One of the most important features of Laia was that it required communal work, public work or neighborhood work. Usually two or more families worked together on each other’s land and then on each other’s. All family members participated without gender segregation. For the most part this way of sowing the land turned into a party, often involving children as well. This form of crop work rewarded collaboration between families, and helped keep the community together, unlike any other factor.
As mentioned another important feature of Laia was that there was no gender discrimination and it undermined equality. As can be seen in the drawing, women and men worked together even though Laia was very hard, as she did not require the strength needed in the dominance of the plow or the animals. According to anthropologists, the control of shooting and agricultural animals was an important factor for men to dominate women in agricultural societies. Mountain women did not address this labor disadvantage, which could have helped in other areas, such as hereditary habits, reaffirm women’s equality.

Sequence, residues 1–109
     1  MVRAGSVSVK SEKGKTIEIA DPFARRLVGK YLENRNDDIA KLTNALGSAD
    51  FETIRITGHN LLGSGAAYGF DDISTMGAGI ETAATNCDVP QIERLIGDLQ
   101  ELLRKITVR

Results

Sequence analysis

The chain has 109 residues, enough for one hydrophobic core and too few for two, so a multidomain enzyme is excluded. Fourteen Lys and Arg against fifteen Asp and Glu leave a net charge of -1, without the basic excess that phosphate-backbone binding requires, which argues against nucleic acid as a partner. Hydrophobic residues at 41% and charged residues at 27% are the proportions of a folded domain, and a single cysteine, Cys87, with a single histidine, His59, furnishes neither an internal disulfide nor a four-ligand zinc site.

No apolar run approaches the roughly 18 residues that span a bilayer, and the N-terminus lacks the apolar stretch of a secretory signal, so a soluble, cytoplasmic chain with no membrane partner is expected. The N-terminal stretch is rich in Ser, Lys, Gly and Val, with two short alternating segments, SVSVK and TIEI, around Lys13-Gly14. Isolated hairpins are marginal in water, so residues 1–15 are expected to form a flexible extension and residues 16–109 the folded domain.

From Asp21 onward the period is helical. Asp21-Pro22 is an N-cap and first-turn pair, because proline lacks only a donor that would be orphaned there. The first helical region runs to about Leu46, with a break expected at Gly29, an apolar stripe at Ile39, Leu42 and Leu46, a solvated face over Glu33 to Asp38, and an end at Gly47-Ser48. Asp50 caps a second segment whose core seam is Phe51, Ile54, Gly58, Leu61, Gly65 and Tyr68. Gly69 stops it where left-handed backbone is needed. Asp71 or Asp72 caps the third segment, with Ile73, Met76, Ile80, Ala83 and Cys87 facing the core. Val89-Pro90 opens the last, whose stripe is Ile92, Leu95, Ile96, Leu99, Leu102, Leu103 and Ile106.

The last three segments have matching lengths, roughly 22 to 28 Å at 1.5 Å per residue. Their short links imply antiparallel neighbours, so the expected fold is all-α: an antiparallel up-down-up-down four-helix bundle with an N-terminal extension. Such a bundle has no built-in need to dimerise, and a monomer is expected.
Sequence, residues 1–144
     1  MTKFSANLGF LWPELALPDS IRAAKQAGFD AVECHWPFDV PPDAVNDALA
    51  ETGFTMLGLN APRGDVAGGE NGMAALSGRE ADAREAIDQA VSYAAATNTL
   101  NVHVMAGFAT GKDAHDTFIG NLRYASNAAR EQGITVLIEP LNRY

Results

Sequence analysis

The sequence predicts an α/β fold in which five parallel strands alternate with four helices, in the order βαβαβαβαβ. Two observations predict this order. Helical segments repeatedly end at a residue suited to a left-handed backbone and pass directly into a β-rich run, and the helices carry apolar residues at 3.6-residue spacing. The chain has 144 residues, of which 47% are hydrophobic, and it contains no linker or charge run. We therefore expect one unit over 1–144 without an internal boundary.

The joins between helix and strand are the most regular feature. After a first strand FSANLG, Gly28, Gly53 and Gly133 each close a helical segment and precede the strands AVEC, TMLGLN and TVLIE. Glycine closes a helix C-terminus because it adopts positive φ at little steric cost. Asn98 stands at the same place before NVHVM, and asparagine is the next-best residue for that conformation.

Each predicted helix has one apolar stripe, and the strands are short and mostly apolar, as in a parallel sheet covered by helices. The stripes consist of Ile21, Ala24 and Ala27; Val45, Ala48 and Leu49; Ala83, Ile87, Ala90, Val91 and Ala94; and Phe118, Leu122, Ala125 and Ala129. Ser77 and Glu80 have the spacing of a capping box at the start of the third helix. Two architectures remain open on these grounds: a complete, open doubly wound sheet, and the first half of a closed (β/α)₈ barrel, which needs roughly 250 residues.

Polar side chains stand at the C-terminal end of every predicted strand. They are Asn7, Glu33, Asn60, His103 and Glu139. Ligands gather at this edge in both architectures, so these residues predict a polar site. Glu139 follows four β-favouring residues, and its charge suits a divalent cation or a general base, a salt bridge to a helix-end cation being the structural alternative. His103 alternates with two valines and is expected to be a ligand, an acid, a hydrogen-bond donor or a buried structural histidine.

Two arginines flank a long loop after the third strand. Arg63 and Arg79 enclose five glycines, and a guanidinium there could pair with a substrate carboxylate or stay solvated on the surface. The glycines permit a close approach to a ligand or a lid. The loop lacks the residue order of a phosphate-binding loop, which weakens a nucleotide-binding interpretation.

LAIA: Basque instrument made of iron with a wooden end, used to till the earth and stir it. It has two points, and at the top of the cape it has a crossed handle, which is grasped with both hands to tighten with them at the same time that it is tightened with the foot.